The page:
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Data from: How important is it to consider lineage diversification heterogeneity in macroevolutionary studies? lessons from the lizard family Liolaemidae

Citation

Olave, Melisa; Avila, Luciano; Sites, Jack; Morando, Mariana (2021), Data from: How important is it to consider lineage diversification heterogeneity in macroevolutionary studies? lessons from the lizard family Liolaemidae, Dryad, Dataset, https://doi.org/10.5061/dryad.kd51c5b2c

Abstract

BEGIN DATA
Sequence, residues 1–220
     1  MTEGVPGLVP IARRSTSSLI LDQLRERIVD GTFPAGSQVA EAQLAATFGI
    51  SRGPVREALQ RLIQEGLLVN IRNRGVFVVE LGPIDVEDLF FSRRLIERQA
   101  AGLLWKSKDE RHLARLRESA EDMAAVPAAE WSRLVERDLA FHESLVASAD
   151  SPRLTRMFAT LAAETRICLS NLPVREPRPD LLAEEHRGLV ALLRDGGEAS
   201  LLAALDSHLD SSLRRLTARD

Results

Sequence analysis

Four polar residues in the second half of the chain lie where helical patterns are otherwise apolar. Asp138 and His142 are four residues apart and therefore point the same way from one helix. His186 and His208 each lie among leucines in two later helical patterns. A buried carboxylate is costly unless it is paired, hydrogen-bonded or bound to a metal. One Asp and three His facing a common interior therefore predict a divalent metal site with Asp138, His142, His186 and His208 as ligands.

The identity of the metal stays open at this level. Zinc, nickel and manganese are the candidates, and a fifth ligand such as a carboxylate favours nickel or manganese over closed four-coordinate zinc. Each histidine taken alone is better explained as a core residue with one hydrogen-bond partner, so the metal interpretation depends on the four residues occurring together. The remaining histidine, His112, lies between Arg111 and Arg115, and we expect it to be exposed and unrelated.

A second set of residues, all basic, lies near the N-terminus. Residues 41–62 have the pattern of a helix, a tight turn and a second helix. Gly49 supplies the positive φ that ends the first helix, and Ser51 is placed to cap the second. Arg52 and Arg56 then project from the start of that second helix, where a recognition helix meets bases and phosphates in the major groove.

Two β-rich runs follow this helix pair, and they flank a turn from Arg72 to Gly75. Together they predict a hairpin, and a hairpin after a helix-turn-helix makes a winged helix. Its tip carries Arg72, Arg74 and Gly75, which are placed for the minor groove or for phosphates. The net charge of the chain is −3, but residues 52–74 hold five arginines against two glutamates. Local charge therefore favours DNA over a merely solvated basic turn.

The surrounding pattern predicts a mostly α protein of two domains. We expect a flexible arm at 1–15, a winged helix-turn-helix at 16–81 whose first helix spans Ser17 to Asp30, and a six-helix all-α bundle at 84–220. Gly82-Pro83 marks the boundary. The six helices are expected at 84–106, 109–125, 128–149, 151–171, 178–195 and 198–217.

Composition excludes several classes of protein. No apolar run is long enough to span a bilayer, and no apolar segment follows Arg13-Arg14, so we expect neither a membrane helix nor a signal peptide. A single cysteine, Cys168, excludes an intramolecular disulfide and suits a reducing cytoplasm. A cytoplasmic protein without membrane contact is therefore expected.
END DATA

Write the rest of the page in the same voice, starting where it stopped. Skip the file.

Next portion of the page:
Macroevolutionary and biogeographical studies commonly apply multiple models to test state-dependent diversification. These models track the association between states of interest along a phylogeny, although many of them do not consider whether different clades might be evolving under different evolutionary drivers. Yet, they are still commonly applied to empirical studies without careful consideration of possible lineage diversification heterogeneity along the phylogenetic tree. A recent biogeographic study has suggested that orogenic uplift of the southern Andes has acted as a species pump, driving diversification of the lizard family Liolaemidae (307 described species), native to temperate southern South America. Here, we argue against the Andean uplift as main driver of evolution in this group. We show that there is a clear pattern of heterogeneous diver- sification in the Liolaemidae, which biases state- and environment-dependent analyses in, respectively, the GeoSSE and RPANDA programs. We show here that there are two shifts to accelerated speciation rates involving two clades that have both been classified as having “Andean” distri- butions. We incorporated the Geographic Hidden-State Speciation and Extinction model (GeoHiSSE) to accommo- date unrelated diversification shifts, and also re-analyzed the data in RPANDA program after splitting biologically distinct clades for separate analyses, as well as including a more appropriate set of models. We demonstrate that the “Andean uplift” hypothesis is not supported when the het- erogeneous diversification histories among these lizards is considered. We use the Liolaemidae as an ideal system to demonstrate potential risks of ignoring clade-specific dif- ferences in diversification patterns in macroevolutionary studies. We also implemented simulations to show that, in agreement with previous findings, the HiSSE approach can effectively and substantially reduce the level of distribution-dependent models receiving the highest AIC weights in such scenarios. However, we still find a relatively high rate (15%) of distribution-dependent models receiving the highest AIC weights, and provide recommendations re- lated to the set of models included in the analyses that reduce these rates by half. Finally, we demonstrate that trees including clades following different dependent-drivers affect RPANDA analyses by producing different outcomes, ranging from partially correct models to completely mis- leading results. We provide recommendations for the implementation of both programs.